Germantown poet Ursula Rucker premieres new epic poem (Montgomery Media)

February 21, 2015

By Arlene Edmonds


Germantown >> Ursula Rucker, of Germantown, premiered her epic poem “My Father’s Daughter” recently. This was a collaboration with guitarist Tim Motzer. It was a cathartic memoir-type live journal integrating spoken word, poetry, songs and video imagery. It was held at the Prince Theater of the Annenberg Center for Performing Arts in West Philadelphia on Friday, Feb. 6, and Saturday, Feb. 7.

For Rucker, who grew up in Mount Airy attending the old Cecilian Academy, this marked a pivotal turning point in her career. While she has traveled throughout the country and abroad with her work and even worked with The Roots, Silent Poet, Josh Wink and King Britt, this was different. It was something that she had worked on for two decades, and though it was her story, it also involved airing her family of origin’s dirty laundry.

As a precursor to the Annenberg performance, Rucker delivered portions of her epic poem at her home church, St. Vincent de Paul Catholic Church of Germantown, 109 E. Price St., on Sunday, Feb. 1. After the morning Mass, all were invited to the fellowship hall for refreshments as Rucker opened the Black History Month series.

The artist’s mother, Palmina Rucker, of Mount Airy, recalled how the title of the epic poem came about. It was during a heated moment in their household that her late husband reminded Ursula Rucker that “she was her father’s daughter,” according to Palmina Rucker, a member of the St. Therese Church in the Holy Cross community.

“I am very proud of Ursula’s courage in doing this work,” Palmina Rucker said. “So many people don’t get to do what they love and express what they want to say. This is what she’s always wanted to do. This is her story. I just praise God that she did this at her church, and I hope that God will always have a hand in whatever she does.”

The Rev. Sy Peterka, pastor of St. Vincent’s, called Ursula Rucker “one of the treasures in our own backyard.” Peterka came to the parish last year after serving at a congregation in Baltimore. He was a frequent guest preacher at the Shrine of the Miraculous Medal in Germantown. So when he was planning the church’s Black History Month program, many congregants suggested that Ursula Rucker be included.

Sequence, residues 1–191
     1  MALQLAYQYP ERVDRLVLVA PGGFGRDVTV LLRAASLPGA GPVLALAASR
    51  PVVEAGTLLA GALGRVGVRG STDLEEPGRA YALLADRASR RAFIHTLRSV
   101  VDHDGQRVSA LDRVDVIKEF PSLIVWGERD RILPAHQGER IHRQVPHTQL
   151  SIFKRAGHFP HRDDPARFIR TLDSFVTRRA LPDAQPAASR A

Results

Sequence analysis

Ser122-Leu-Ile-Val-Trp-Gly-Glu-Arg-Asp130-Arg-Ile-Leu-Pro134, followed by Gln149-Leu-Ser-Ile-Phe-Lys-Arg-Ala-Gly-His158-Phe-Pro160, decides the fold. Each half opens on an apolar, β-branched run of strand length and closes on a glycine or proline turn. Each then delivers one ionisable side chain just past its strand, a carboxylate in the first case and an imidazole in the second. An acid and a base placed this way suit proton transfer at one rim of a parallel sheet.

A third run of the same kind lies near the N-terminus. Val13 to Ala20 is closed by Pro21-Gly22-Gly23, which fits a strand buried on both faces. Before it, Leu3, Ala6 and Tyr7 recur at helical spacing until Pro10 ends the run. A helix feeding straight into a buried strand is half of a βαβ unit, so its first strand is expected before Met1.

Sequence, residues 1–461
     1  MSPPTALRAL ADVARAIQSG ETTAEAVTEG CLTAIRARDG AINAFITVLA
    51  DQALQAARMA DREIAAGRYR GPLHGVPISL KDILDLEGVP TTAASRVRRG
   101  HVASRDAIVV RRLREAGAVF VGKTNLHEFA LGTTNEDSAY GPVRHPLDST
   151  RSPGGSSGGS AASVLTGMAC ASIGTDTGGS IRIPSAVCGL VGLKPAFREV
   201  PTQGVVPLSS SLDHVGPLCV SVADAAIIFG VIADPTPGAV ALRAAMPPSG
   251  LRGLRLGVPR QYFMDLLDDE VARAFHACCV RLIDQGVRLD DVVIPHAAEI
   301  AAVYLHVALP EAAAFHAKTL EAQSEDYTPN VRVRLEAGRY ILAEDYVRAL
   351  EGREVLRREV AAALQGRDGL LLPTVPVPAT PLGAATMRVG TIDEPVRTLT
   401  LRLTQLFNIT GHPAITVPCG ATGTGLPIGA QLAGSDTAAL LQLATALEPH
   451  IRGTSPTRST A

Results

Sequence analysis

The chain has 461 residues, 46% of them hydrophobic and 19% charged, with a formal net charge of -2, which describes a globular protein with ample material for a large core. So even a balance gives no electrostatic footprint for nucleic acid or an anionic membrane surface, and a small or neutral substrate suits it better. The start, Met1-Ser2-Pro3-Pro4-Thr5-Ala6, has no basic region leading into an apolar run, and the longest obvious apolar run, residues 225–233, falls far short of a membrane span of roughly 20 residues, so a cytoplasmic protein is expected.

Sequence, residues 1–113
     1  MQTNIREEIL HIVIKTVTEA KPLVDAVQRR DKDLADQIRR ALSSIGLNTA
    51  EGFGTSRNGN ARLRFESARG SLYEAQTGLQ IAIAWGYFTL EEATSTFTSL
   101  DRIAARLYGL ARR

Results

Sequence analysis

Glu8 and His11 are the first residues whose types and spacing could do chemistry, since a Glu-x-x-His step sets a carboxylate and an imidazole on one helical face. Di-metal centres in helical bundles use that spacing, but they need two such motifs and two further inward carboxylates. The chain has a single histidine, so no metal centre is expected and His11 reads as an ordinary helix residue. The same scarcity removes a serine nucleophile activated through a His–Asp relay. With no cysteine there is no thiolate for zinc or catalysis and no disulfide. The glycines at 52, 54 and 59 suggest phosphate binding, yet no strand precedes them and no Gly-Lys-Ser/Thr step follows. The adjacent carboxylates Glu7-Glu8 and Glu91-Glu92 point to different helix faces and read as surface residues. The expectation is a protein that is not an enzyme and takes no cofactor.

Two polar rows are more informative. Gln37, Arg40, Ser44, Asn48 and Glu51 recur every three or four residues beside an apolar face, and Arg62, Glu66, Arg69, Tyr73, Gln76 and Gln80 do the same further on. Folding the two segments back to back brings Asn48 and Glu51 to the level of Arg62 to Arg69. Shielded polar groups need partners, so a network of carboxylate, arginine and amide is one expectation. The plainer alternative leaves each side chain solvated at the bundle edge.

“I thought her presentation was powerful,” Peterka said. “It’s amazing that she was able to recite each poem that was more than five minutes long from memory. She did in such a real manner with so much passion and even using song. So many just told me that they were moved by it.

“I am glad she selected the poems from her collection that were related to Black History Month. I didn’t realize that she had so much expertise. The crowd just found her to be so refreshing. We were all very touched by the poems and we were just blessed to have her,” Peterka said.

Rucker, who is half African American and half Italian, wrote “My Father’s Daughter” inspired by telling the story of her parent’s interracial marriage and sometimes violent relationship. This is one of her first major works after she made her fifth album, “She Said,” more than four years ago. This is a story she openly shared at St. Vincent’s in the presence of not only her church family but three of her four sons who were in the audience.

For the artist, performing comes easily. She has taken her work abroad to the Montreal Jazz Festival, the Australian Freedom Festival, Amnesty’s global “Stop Violence against Women” and even concerts in Fabrick, Hamburg, in Germany. It was in 2001 she recorded her debut album, “Supa Sister,” and then came works like “Silver & Lead” in 2003, “Ma’at Mama” in 2006 and “She Said” in 2010. Since 2009, she has held a teaching residence at the Muhlenberg College.

The Philadelphia Mural Arts Program unveiled the “You Go, Girl” wall portrait of Ursula Rucker last spring. This is located next to the Art Garage at 1531 Ridge Ave. The larger-than-life mural features the poet’s profile and shoulders as she adorns only a scarf, a gold hooped earring and the words from her poetry crossing from the red brick wall across her black and white image.

Yet Rucker continues to take her career in stride.

“I get my inspiration from just being awake,” Rucker said. “I am a child of God, and I am tolerant of other people’s experiences. I am respectful of others. I am humbled by the fact that as I look at the world around me I see what’s going on and sometimes I don’t like what I see. So, I write about it. I also share art as an option for those who are [restructuring] their lives.”